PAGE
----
LSU Puts On Quinceañera Dress Day

By Kendall Asay

Many modern American teenagers look forward to their sweet sixteen or perhaps their eighteenth birthday, but Latin-born individuals await their Quinceañeras. Meaning the process of turning fifteen years old, Quinceañeras are one of the biggest moments in a young girl’s life. The Quinceanera is a ceremony honoring a girl’s transition from childhood into adulthood. These magnificent festivities originated in Mexico, but are modernly recognized and celebrated all over the world, culminating in the fusion of other cultures. Some common traditions include formal dances like Cumbia, Banda, and waltzing. Receptions can consist of eating traditional foods, desserts, and socializing with friends and family. Quinceañeras can take months or even a year to plan, as there is much to coordinate including decor, themes, and of course, elegant gowns. Student members of LSU like Dulce Palacios and Heidy Mora-Pineda expressed that their Quinceañeras were full of memories that they continue to cherish. They mentioned that the experience they shared with their families was something that they will forever reminisce upon.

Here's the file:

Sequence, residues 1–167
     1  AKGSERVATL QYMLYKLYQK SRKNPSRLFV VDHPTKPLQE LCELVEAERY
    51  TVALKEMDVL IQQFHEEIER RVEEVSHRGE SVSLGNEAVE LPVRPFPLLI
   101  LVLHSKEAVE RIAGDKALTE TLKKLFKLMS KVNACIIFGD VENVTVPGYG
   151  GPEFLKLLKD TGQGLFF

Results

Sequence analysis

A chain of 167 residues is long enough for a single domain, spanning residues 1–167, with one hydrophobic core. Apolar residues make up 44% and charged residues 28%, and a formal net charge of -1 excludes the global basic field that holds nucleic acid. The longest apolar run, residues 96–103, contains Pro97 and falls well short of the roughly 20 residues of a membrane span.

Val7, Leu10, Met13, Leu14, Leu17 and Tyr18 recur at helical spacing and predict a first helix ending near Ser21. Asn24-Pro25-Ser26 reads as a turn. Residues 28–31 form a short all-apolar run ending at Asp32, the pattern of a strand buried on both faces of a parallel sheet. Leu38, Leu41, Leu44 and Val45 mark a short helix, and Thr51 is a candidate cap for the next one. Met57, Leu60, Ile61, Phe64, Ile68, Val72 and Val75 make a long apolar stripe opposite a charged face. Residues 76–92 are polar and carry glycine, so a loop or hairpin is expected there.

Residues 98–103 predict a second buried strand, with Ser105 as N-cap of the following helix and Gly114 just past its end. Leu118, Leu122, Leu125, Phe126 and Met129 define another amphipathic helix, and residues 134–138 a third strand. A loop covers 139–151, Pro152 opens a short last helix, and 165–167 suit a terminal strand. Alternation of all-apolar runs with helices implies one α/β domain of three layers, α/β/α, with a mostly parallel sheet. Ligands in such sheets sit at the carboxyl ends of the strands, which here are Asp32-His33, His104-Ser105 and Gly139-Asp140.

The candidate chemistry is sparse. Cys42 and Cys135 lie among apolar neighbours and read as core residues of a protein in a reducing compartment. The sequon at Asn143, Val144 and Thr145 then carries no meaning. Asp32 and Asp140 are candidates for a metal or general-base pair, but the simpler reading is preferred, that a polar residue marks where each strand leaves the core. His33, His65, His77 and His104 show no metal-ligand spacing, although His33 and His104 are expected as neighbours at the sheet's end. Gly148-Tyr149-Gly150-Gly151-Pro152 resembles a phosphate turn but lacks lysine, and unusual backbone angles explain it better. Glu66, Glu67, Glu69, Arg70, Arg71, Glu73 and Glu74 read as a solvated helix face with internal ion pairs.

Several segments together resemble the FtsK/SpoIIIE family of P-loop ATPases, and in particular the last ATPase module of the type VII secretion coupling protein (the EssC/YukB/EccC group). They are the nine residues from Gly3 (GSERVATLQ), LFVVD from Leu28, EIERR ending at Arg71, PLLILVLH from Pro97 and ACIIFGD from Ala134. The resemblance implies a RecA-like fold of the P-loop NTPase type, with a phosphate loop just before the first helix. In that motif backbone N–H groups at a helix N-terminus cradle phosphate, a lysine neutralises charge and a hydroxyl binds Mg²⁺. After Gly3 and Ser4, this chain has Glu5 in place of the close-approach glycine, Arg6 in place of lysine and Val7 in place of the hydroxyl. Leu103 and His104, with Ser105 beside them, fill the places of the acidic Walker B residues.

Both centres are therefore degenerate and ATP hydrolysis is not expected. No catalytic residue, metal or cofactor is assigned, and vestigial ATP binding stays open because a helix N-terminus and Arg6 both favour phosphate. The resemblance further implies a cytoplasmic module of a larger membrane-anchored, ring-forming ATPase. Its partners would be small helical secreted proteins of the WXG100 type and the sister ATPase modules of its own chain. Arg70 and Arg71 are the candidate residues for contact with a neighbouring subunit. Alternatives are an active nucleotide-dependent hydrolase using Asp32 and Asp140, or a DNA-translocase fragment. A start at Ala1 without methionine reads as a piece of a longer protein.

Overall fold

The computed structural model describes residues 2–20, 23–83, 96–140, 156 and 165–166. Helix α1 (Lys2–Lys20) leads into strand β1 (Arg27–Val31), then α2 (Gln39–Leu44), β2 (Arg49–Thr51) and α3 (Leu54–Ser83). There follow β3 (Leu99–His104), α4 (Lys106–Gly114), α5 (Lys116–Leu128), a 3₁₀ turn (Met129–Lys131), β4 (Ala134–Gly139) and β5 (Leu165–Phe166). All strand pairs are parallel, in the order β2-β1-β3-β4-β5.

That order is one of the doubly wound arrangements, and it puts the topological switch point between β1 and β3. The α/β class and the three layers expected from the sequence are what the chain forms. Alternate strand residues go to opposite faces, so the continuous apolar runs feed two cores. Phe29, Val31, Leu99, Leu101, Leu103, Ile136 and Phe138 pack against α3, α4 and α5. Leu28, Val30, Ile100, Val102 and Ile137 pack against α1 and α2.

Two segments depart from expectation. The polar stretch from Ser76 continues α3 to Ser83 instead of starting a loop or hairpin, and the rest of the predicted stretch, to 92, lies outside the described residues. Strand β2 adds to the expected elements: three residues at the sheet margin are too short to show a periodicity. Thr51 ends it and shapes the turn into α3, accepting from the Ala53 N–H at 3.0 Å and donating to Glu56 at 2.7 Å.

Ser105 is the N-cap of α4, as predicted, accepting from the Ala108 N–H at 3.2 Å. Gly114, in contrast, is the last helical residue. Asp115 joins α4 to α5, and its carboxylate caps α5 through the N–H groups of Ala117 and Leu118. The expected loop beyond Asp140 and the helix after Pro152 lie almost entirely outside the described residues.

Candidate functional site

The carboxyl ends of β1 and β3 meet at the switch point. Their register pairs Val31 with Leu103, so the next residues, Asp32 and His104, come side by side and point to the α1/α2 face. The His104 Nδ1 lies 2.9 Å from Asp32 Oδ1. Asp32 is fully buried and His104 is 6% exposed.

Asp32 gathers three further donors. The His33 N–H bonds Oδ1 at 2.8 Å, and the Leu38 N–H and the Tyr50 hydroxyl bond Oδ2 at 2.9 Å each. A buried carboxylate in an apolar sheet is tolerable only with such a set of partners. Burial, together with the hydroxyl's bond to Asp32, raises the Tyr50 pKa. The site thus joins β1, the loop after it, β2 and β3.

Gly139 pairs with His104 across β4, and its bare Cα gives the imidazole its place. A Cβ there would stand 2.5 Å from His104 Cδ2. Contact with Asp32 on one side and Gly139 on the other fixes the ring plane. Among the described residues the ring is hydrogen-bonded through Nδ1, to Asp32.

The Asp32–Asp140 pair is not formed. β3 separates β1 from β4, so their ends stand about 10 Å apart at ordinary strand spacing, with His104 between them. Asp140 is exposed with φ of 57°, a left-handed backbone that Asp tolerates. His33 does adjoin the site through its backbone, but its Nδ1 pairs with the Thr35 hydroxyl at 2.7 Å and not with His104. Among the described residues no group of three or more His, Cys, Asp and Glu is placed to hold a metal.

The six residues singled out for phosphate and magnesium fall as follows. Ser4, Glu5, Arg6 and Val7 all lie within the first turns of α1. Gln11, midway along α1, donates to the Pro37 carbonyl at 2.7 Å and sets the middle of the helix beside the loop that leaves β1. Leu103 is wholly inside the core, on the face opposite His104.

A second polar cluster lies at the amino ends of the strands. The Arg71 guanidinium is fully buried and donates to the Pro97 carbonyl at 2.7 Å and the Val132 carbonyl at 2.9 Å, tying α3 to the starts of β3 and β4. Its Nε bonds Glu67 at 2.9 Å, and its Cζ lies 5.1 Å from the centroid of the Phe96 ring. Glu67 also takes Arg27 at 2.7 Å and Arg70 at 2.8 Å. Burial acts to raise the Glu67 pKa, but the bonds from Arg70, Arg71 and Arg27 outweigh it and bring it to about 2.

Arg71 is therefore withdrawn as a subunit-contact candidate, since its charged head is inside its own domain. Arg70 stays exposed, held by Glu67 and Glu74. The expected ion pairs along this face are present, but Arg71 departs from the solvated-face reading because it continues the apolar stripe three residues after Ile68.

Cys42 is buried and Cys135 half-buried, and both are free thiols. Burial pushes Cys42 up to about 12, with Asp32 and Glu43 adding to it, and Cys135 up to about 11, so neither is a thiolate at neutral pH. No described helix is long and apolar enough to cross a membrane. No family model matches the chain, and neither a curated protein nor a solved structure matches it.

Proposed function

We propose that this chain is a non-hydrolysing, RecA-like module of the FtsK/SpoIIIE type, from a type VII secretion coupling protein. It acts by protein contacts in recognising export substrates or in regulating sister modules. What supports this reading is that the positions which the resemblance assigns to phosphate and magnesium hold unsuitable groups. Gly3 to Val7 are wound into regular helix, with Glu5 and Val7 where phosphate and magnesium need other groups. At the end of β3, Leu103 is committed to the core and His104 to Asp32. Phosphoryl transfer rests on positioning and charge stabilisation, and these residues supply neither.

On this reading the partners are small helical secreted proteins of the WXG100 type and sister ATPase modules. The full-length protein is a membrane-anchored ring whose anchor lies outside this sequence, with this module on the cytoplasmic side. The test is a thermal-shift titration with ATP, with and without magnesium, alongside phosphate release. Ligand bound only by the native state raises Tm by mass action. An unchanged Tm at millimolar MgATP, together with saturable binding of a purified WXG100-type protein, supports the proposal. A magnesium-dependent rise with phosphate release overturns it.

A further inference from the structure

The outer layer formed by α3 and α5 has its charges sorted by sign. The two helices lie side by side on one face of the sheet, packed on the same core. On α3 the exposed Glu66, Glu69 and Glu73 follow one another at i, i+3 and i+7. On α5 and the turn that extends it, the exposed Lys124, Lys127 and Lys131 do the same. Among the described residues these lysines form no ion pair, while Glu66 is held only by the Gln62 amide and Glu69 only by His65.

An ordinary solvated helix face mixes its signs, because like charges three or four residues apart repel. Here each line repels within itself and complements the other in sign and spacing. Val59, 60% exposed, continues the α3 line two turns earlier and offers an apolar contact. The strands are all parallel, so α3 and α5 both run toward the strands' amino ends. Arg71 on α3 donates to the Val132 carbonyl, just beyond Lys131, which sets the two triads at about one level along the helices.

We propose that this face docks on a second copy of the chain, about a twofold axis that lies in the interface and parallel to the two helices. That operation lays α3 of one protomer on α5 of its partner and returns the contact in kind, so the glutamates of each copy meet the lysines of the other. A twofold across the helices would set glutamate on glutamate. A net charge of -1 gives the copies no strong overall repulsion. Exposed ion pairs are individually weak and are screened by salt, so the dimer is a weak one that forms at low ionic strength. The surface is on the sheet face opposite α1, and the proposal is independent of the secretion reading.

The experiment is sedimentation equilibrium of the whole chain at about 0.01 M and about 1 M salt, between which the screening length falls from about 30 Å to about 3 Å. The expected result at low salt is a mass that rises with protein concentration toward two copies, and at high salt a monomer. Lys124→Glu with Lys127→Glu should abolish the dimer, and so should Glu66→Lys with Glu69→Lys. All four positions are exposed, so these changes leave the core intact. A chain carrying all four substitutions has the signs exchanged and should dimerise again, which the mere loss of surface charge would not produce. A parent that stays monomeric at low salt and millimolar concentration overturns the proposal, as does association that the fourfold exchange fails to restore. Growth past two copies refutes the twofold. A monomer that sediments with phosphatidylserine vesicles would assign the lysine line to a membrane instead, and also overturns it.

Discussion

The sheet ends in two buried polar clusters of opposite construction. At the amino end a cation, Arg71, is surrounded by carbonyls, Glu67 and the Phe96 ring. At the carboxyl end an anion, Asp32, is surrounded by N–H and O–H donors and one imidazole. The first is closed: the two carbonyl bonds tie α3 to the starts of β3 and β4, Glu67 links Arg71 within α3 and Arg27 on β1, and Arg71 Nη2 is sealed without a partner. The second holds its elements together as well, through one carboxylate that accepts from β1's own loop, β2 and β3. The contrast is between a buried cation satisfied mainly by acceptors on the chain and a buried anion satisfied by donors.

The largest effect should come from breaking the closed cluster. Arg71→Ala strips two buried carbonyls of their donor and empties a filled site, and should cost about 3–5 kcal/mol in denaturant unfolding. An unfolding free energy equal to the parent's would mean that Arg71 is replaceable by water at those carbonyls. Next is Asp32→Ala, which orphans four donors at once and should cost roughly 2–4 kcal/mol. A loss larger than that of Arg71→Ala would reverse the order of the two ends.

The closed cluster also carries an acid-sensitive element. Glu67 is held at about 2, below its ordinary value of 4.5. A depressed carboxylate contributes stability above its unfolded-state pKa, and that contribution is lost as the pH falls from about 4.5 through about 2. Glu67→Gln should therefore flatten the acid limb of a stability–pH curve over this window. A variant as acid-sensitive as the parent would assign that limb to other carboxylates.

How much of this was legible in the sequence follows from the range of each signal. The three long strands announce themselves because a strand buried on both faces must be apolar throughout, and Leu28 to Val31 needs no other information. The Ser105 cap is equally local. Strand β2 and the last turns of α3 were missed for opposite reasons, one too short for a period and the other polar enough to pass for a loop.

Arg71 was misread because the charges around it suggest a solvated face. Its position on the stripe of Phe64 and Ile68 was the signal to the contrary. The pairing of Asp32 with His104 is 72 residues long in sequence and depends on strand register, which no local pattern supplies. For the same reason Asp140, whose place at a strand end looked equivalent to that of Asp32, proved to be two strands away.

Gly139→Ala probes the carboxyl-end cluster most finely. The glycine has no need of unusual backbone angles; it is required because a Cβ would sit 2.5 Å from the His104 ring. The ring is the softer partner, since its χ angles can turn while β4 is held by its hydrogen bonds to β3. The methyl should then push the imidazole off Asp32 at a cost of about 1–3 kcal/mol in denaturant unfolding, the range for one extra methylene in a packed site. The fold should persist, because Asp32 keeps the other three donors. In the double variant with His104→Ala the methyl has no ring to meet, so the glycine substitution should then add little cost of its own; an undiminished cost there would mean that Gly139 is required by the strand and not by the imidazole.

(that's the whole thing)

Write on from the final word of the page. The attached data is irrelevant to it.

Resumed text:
On November 4th, Edmonds Woodway High School invited the students of LSU to express their culture and show off the marvelous dresses from their Quinceañeras. Any students who had previously celebrated their Quinceañera were welcome to wear their dress to school. Other students said it was an “exciting way to get an insight into other cultures and traditions that students at EWHS take part in”. Mariah Maeda, a student who composed and assisted in the organization of the event, says she was looking forward to it because it was a way to help other students understand that it isn’t some aimless birthday party. It is an extremely meaningful event for girls and their families intending to celebrate their coming of age. 

Many students said that it was fascinating to withdraw from class each period and see a glimmering dress in the halls. The school-wide event created a sense of what the celebration was really like in the confines of our own institution. This cultural feature was respectful and enjoyable, assisting in the creation of more ethnic awareness among our staff and students.

Credits: Mariah Maeda, Heidy More-Pineda, Dulce Palacios 

https://www.britannica.com/topic/quinceanera#:~:text=quincea%C3%B1era%2C%20

Leave a Reply

Fill in your details below or click an icon to log in:

WordPress.com Logo

You are commenting using your WordPress.com account. Log Out /  Change )

Twitter picture

You are commenting using your Twitter account. Log Out /  Change )

Facebook photo

You are commenting using your Facebook account. Log Out /  Change )

Connecting to %s

This site uses Akismet to reduce spam. Learn how your comment data is processed.